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bharathi's picture

The inner organization of the living cell, consisting of specialized organelles, makes complex forms of life possible...we all know about mitochondria..and prokaryotes... but can anyone explain  the origin of the mitochondria and their connection to the prokaryotes?.....

Fraser Moss
Fraser Moss's picture
Ivan Delgado
Ivan Delgado's picture

The prevailing theory about the origin of mitochondria is that they used to be bacteria that somehow developed a symbiotic relationship with another cell. Some of the observations that lead to this theory include:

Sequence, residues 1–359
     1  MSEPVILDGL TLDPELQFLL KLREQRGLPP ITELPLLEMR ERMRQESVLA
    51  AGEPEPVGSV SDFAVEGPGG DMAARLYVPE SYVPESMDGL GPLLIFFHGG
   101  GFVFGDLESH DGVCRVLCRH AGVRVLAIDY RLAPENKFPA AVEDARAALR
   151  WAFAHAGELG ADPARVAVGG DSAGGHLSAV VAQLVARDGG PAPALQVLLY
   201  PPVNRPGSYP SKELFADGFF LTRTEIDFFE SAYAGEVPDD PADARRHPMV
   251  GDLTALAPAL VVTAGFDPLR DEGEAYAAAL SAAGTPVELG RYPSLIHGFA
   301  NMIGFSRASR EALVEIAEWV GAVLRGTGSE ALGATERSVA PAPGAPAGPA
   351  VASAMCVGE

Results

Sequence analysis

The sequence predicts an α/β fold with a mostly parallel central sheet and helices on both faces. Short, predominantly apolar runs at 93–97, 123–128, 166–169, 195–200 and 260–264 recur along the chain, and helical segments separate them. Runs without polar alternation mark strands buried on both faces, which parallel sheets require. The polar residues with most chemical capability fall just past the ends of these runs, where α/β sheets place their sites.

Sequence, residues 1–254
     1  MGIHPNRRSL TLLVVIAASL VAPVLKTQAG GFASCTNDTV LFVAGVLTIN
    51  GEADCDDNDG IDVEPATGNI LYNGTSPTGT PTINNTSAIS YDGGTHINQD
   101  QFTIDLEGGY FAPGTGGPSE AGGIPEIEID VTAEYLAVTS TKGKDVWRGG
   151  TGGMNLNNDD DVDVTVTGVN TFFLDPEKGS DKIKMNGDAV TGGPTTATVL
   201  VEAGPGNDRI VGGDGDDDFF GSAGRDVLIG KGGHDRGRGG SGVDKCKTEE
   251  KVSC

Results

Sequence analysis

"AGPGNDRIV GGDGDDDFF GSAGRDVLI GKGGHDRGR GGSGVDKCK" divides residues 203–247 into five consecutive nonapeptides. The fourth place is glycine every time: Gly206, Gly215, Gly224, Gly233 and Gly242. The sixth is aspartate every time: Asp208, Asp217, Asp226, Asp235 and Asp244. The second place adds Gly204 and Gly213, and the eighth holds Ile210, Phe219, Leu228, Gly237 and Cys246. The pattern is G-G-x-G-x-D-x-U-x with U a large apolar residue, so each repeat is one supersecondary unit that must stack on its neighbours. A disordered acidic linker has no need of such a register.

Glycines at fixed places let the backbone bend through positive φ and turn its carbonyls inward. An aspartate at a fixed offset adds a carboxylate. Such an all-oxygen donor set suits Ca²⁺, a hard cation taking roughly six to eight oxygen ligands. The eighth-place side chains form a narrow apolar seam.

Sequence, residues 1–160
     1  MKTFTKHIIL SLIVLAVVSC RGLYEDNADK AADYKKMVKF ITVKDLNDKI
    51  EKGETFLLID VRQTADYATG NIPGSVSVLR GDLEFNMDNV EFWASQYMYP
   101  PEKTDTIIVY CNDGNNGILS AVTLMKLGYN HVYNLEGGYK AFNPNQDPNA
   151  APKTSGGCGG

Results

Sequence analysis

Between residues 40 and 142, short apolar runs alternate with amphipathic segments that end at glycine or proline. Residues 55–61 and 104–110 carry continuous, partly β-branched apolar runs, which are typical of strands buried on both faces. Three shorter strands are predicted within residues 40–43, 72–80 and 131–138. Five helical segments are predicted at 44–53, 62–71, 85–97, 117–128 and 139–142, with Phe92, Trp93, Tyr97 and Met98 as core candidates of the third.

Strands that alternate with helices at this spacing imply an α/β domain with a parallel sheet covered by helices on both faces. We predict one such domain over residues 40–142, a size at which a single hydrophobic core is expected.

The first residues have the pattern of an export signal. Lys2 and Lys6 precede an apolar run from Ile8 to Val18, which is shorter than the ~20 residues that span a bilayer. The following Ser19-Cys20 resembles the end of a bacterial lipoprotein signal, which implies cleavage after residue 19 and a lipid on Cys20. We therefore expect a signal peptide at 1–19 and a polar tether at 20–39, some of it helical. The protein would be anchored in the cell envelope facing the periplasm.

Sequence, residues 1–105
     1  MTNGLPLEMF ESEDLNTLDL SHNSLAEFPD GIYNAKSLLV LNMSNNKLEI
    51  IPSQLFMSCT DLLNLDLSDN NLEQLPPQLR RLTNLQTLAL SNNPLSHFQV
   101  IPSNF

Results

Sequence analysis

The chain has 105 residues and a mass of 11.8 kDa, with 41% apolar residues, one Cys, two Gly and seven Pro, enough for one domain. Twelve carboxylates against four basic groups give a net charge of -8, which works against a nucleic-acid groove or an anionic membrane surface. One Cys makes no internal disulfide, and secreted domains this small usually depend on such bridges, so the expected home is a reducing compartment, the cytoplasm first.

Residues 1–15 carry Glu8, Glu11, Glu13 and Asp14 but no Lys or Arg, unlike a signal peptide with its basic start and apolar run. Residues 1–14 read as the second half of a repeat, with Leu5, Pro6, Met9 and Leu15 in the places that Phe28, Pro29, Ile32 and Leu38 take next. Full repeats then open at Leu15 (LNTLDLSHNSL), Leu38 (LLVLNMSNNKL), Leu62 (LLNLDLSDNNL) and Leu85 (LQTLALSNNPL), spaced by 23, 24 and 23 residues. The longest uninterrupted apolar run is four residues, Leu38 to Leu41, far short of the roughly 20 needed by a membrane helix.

1. Their genome. Mitochondrial genomes are circular structures that resemble the plasmids found in bacteria.
2. The fact that mitochondria contain their own genome even though they exist inside a cell suggest they used to be a free-living organism. There is evidence that mitochondrial are losing their genes (they are migrating to the cell's nucleus), another fact that suggest mitochondria used to live outside cells
3. Mitochondria reproduce by binary fission, just like bacteria. Actually all your mitochondria came from your mother (every mitochondria in your body traces its lineage to the mitochondria found in the female egg)
4. Even their shape: unlike typical eukaryotic cells, mitochondria tend to be more rod-like, just like some bacteria
Of course this is just a hypothesis, but a very compelling one indeed.